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in other words, big mutual fund that representative sent, s&p, russell, no. but individual stocks, individual stocks are always viable if you find them at good levels. that is the key to understanding investing and trading getting into stocks when they're ready to be bought. the overall big markets are much closer to a top than the -- i would see. i would tell investor many coming in. no new money unless you can find one or two particular stocks. go into mutual fund of s&p up here i think you're throwing your money away. david: kim, on the other hand, if you see every time the market go down you this is a pullback from the pullback. >> crazy how the market wants to continue to go higher. i think some of it is from retail investors buying in, you know, at whatever price. they don't really look. you know it may be not be bad overall. it just depend on your time period. how much time do you have? if it is three to five years,
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maybe it is not a bad time but, you know, we look at individual stocks. we try not to time the market. and i think that is what investors have to do, is, agree with your other guest, look at individual stocks. david: by the way, kim, so often i try to get a specific number from some of these traders down on the floor about what the s&p will be like at end of the day. they are so reluctant to do that. even teddy weisberg sometimes is afraid to do that but you've got a number is so specific. you think the s&p will be at 1938 at the end of the year. >> yes. david: where did you get the number? >> well it is from using ourour estimate from what the s&p 500 companies are going to earn this year and that is $114. you multiply that by the multiple that we think is reasonable which is 17. and you come up with 1938. i know it's a little goofy but is that where the market is going to be? i don't know. we think that is what a fair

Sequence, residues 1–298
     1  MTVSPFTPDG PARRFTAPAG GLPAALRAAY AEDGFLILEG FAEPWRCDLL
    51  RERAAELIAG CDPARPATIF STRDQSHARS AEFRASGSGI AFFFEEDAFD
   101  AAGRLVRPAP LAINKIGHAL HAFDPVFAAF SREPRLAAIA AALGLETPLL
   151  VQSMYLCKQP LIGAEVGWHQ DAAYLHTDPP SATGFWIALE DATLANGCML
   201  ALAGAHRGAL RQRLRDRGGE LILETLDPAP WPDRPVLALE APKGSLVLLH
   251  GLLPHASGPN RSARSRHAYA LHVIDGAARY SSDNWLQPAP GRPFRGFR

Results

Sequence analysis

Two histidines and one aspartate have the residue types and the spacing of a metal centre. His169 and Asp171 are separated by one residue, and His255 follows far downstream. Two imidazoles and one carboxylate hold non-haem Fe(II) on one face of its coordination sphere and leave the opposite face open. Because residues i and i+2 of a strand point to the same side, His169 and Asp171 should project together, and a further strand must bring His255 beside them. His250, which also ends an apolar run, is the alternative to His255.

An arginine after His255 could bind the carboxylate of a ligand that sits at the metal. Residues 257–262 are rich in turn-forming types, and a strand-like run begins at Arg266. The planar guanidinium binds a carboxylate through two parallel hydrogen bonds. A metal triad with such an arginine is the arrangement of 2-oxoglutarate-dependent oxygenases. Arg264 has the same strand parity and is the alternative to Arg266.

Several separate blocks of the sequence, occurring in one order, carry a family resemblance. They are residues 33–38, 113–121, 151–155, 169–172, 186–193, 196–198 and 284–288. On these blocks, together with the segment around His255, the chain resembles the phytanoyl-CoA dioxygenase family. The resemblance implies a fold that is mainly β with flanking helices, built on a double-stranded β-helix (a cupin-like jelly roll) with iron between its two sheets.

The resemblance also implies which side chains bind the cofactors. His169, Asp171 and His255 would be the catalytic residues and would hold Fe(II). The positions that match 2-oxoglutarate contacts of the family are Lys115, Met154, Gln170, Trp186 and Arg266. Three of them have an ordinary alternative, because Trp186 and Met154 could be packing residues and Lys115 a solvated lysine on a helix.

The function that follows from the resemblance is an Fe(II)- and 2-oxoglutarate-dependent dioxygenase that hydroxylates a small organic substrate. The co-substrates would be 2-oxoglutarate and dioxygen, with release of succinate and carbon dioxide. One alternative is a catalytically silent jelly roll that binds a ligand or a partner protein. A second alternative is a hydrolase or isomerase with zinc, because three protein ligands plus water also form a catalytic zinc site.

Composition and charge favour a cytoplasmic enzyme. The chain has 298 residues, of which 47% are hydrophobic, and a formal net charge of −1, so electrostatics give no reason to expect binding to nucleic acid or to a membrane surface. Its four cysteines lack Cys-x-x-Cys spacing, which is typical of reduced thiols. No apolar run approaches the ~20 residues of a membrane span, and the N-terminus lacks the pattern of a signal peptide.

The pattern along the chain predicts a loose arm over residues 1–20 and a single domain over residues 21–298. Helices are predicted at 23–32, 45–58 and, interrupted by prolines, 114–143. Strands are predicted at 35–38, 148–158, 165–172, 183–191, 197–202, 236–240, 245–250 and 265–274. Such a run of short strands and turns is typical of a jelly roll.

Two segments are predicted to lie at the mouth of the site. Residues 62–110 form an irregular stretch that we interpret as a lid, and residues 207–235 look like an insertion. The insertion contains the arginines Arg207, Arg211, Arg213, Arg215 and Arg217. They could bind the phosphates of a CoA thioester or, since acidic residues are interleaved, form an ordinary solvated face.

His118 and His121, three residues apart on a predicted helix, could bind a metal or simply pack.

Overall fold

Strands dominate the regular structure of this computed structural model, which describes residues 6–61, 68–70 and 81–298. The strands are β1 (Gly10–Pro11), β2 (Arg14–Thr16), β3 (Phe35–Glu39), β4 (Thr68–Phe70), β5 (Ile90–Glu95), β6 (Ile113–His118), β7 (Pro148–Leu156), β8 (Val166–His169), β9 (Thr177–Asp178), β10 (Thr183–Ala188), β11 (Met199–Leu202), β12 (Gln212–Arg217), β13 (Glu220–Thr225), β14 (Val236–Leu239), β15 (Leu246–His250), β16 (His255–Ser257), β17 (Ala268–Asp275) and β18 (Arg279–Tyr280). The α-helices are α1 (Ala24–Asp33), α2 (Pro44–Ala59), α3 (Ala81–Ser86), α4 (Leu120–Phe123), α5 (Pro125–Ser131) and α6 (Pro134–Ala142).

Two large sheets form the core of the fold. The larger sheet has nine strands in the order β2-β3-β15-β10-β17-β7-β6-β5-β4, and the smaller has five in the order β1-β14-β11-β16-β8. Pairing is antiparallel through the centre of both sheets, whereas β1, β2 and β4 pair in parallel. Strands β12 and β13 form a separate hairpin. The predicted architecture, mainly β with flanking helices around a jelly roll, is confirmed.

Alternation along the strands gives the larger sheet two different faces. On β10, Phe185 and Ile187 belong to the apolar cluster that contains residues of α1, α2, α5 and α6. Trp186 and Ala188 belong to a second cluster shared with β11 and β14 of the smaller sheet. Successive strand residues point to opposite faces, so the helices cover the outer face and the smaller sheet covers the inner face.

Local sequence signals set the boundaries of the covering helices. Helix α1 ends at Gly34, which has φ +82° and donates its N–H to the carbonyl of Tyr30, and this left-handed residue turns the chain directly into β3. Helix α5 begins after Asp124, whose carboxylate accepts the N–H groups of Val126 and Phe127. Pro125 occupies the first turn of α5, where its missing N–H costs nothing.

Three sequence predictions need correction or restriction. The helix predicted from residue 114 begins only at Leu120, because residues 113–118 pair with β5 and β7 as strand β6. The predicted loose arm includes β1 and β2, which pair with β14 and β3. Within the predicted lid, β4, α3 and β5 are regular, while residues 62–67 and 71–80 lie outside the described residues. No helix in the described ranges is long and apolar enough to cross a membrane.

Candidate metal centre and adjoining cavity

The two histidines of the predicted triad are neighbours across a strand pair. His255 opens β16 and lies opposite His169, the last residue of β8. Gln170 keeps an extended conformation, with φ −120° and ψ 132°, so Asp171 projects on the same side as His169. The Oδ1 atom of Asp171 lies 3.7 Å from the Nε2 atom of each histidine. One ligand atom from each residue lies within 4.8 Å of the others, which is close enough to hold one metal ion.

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value for the market is going to be. maybe there is a little different semantics there for you but that is fair value for us. david: todd, do you have a number? >> on the upside i don't disagree we could not get there but i'm looking for 1560 on the downside first. david: wow, on the downside. todd, i agree with a lot of what you say this looking to be frothy market, et cetera, but it can't be said enough how tight the balance sheets of most corporation are right now. they have really slimmed down. both their debt and personnel to levels that i have never seen before in my life. it is, we are a spring ready to pop, are we not, in a positive direction? >> we certainly could. i don't see why we couldn't pop. but again, when you take a look, we had the beige book today, you know if that is the best they can do after a five-year rally and basic costs of $325,000 for american family we're not in very good shape. they have tightened their balance sheets, i agree with